No PictureYeah, yeah, we get it. You don’t like your frizzy hair or that double chin, and you look terrible in pictures. You think it’s better to have no picture, lest all the people on LinkedIn see your snaggle tooth or male pattern baldness, right? Wrong! If you don’t have a picture, it makes your visitors subconsciously think that you have something to hide and can’t be trusted. The eyes are the window to the soul, and people want to see whom they are doing business with. LinkedIn is not a dating site, it’s not a competition for your beauty. If anything it’s a competition on your competence! Put a picture up! If it works for the DMV, it’ll work just fine for LinkedIn.
Bonus points if you avoid these other 8 Classic LinkedIn Profile Photo Mistakes.
No Call To Action on ProfileGreat! People have made it to your LinkedIn profile, they’re interested in what you’ve done and like what they are reading. Now what do they do? If you aren’t telling them what you want them to do, chances are they’ll do nothing! Instead, think about creating actionable links and or adding a call to action in your summary section. If you intend to use LinkedIn for more than a digital address book, make sure you’re telling your visitors what you want from them.
Asking People You Don’t Know for RecommendationsThis is a BIG No No….tsk tsk!. First of all, you should be offering recommendations instead of asking for recommendations. But in the case where you do need to ask for recommendations, only ask those people that know you and that can actually vouch for your work performance, expertise, or experience.
If you are sending out recommendation requests to me, and I’ve never met you, done business with you, or heard of you then I know two things about you instantly:
- I know you’re most likely asking other strangers for recommendations, which basically means you’re a spammer, and I’ll probably un-connect with you.
- I know that any recommendations you do have are probably written by strangers, so instantly I know I can’t trust them.
Asking Us To Like Your Facebook PageUgh. This is another move that instantly screams “Avoid me, I’m up to no good!”. Unfortunately, I see this a lot. Getting an email from somebody that says “Please Like My Facebook Page” or “Friend Me on Facebook” drives me crazy. That’s not providing value to me, your visitor!. It is one thing to tell people “If you’d like more information here’s the link to my Facebook page”, that provides value. But asking people to “like” you on other social media platforms does not work. Don’t tell me that you’re just collecting “likes”, because I’m here on LinkedIn to provide real value and create real relationships.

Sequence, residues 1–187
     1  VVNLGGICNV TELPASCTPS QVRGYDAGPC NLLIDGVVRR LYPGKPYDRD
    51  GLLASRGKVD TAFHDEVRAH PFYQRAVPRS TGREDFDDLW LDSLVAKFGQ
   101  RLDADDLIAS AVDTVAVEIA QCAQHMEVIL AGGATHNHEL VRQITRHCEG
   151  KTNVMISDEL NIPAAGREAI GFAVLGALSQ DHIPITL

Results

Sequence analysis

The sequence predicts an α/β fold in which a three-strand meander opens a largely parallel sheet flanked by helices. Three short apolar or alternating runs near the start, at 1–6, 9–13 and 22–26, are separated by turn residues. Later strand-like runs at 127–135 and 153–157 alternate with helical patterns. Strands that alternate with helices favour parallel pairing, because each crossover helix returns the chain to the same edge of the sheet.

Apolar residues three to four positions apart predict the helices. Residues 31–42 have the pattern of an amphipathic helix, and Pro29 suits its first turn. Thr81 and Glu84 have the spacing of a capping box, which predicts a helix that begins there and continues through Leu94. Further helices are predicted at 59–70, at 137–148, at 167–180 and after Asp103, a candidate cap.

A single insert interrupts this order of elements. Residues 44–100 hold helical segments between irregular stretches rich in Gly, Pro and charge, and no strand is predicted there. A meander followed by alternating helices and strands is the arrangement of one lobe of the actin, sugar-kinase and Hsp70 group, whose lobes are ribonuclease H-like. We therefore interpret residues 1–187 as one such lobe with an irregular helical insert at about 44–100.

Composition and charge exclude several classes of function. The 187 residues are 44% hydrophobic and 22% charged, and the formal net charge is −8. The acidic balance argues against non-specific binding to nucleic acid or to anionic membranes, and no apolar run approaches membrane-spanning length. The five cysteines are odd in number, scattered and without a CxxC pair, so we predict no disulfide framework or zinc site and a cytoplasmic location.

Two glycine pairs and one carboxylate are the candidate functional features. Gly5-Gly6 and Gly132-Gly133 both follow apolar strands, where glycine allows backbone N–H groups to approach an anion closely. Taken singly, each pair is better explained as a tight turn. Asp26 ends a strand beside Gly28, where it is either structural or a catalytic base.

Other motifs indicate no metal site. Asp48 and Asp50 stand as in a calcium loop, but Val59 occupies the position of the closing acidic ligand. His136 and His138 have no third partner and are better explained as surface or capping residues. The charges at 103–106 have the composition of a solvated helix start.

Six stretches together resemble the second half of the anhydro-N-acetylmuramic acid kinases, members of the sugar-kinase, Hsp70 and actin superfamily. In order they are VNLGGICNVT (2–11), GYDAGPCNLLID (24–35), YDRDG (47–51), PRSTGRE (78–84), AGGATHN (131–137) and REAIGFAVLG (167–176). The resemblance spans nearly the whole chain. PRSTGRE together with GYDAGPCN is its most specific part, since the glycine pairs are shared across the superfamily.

Spamming GroupsThis is sort of a grey area on LinkedIn. Posting in groups is a good way to get in front of a lot of people quickly, but if you’re posting the wrong thing you’re going to be sending your credibility straight down the garbage disposal. I run a group on LinkedIn (Sociable Sales LinkedIn Group – Feel free to join, it’s open to anyone), so I see a bunch of garbage getting posted daily. If you’re going to join a group, be sure to read the group rules before posting anything. A good rule of thumb is to post 4 pieces of relevant, useful, and timely content to every 1 piece of self-published content. Be very, very careful about the kind of content you are posting. Not only will you annoy the group moderator and possibly get kicked out of the group, but the group users as well. Some of those LinkedIn groups are pretty big. Do you really need that many unhappy potential prospects annoyed at you?
Rookies Don’t Accept Every Invite to Connect
Of course, this is a personal choice, but if you are using for LinkedIn to increase your business or sales, you better be trying to strengthen your network, and this means accepting invitations. This is one soap box, I’m always on here at Sociable Sales. And that’s because having a large strong network is the key to your LinkedIn success.